- She's 100% become part of the family.
Although it took a few months, it's nice to see how she's finally grown into her own here, and she recognizes that this is home and no longer just a pit stop in a journey that she doesn't know that she's on.
- Hi, I'm Shain Brenden.
As a veteran, I understand how objects we brought back from service can be so meaningful.
They can remind us why we served and what we did or help us transition back to civilian life.
Today I talk with a veteran whose object isn't so much a thing as it is, well, a special friend.
Hey, thanks for sitting down with me, man.
I appreciate it.
- Yeah, no problem.
- Tell the folks a little bit about yourself.
Your background, where you're from and how you ended up in the service.
- My name's Amjad Kirrish.
AJ for short.
I've been in the Air Force now for 10 and a half years.
I'm attached to Army combat units and I coordinate direct air strikes for them.
Most recently, I was deployed in Syria in Operation Inherent Resolve.
- Deployment is hard on anyone.
So what was your mindset in the early days of getting in and just trying to get acquainted to just being in Syria?
- The biggest stresses for me was the responsibility I had of controlling multimillion dollar aircraft, employing thousands of pounds of bombs, all while ensuring that no civilian casualties, no collateral damage and no friendly forces were negatively impacted by it, and having all that responsibility coupled with just the crappiness that comes with a deployed environment - little things that we take for granted, like running water, showering and toilet facilities that are decent.
And I'm sure you experienced it downrange where the shower curtain like touches your leg, and you freak out.
You now have to wash yourself with acid because the shower curtain just touched your leg.
- How'd you meet Harley?
How'd Harley come into your life?
- Once I got on the camp, the team had actually already rescued Harley.
They were out on patrol.
They ended up finding her at one of the Bedouin camps, and she was just the last puppy of her litter.
Things weren't looking too good for her to actually survive.
So they brought her onto the camp.
It was nice to see her when I first got there because all you have is a two-month-old puppy full of energy, just running around.
All she wanted to do is say hi to everyone.
I just started getting closer and closer to her.
That attachment happens all the time, and I think a lot of times is because of the environment.
It's usually high stress.
You end up seeing what people are willing to do to each other.
You do become callous.
Having Harley kind of alleviated that, seeing something so innocent, this pup that just wants to play.
She just wants to, you give her a treat, and she's now your best friend.
- I wanted to talk a little bit about actually getting Harley out of Syria.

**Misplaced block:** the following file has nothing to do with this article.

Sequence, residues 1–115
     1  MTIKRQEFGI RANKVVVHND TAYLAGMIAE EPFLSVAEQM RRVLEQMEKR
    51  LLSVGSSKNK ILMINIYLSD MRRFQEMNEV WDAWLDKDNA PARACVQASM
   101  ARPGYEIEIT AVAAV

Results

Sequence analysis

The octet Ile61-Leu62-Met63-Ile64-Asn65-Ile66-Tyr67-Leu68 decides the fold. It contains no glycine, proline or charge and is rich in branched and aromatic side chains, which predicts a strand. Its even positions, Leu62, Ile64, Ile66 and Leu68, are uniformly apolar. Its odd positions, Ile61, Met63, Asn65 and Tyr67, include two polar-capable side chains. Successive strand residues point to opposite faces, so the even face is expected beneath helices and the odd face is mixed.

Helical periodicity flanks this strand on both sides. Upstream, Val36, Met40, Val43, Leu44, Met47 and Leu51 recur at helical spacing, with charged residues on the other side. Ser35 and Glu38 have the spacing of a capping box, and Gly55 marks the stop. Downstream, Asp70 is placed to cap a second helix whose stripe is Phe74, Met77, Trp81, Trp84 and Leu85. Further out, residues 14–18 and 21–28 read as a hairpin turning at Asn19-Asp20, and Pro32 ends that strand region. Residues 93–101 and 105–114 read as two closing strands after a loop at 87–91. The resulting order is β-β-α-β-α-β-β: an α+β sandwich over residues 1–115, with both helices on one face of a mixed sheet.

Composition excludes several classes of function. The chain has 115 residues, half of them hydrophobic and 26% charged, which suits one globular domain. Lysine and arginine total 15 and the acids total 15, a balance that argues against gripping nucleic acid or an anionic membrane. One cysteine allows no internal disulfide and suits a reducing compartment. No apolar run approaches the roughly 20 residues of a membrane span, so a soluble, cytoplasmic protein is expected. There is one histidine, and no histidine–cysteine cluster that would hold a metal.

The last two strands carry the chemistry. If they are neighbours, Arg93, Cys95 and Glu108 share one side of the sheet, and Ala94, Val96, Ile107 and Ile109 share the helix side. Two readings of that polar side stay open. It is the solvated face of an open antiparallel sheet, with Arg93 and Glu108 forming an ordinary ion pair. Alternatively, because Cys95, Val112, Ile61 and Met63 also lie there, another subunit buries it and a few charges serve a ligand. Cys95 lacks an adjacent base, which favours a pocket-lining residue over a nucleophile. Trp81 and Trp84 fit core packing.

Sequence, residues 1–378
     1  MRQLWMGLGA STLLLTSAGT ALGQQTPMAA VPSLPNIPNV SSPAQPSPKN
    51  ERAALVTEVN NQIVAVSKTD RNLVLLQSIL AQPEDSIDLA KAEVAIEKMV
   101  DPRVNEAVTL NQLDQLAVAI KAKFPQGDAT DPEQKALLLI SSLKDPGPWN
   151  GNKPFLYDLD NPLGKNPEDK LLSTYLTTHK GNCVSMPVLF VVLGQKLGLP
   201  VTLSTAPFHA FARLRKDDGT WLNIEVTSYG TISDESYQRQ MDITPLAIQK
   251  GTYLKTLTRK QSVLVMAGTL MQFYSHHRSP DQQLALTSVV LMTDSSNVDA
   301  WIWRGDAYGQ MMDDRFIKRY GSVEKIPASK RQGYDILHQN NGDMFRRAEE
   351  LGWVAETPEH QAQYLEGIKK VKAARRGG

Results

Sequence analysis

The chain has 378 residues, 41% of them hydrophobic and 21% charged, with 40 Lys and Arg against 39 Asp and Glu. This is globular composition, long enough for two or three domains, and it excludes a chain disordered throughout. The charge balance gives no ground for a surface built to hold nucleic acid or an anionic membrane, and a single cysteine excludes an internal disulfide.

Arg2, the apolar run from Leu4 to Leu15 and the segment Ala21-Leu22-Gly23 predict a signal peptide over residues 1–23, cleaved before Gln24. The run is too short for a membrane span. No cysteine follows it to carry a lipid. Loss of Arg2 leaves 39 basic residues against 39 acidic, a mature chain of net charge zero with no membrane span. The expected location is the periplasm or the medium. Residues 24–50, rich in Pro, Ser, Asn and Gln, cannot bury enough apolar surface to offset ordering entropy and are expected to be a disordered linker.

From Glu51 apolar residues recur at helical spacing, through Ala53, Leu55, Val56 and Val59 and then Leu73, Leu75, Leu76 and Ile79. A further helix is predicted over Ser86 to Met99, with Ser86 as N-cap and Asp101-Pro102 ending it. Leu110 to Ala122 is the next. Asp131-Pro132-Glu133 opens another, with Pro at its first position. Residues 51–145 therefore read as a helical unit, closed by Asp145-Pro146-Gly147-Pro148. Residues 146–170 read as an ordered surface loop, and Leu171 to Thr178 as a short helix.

- I actually went with her out of Syria into Jordan, and this was all during COVID.
So Jordan had completely shut down all their airports.
So the Alamal Foundation kept her in the sanctuary for two months.
- Oh wow.
Now, how was that for you?
Did you start to feel a little anxious or maybe just second guessing whether or not you would actually be able to get her stateside?
- The biggest issue is actually when she arrived in New York.
The CDC had denied her entry, stating that there was a clerical error in her vaccinations and her paperwork.
And the CDC wanted her to be sent back to the Middle East right away.
Just the "what ifs" started flowing through my head, and it was not a good feeling.
The organization Paws of War reached out to the media, and we started doing this media campaign, and the outpouring of support was amazing.
Every major news organization got involved.
- Tonight a plea from a veteran who rescued a puppy from overseas.
Harley- - And started putting the story out there of how this veteran who saved this puppy was being denied.
When I did finally see her, it was nerve-wracking at first thinking I hope she recognizes me.
- Opened the door and she was a little cautious at first, but immediately after, she recognized me, and it was such a joy to see her, for her to recognize me.
And then I took her to the back, and her favorite game is just to play chase.
So just grabbed something, threw it.
She ran around, and I chased her, and it was like, we didn't skip a beat.
It was kind of a sigh of relief to feel like, okay, it's done.
She's home now.
- What's up, little lady.
Oh, wow, she's big.
How old is she now?
- She is a little over a year.
The deployment will still be the deployment.
Coming home will always still be coming home.
But I can't imagine what it would have been like had Harley stayed.
I would have always had that "what if" or where is she at?
Is she okay?
Is she still alive?
And so Harley coming home, it felt like the deployment was finally over and closed, and it was a happy ending as opposed to a "what if" ending.
Not knowing what would have happened to Harley would have just crushed me.
So having her home, it was perfect.
I can't imagine a life without her.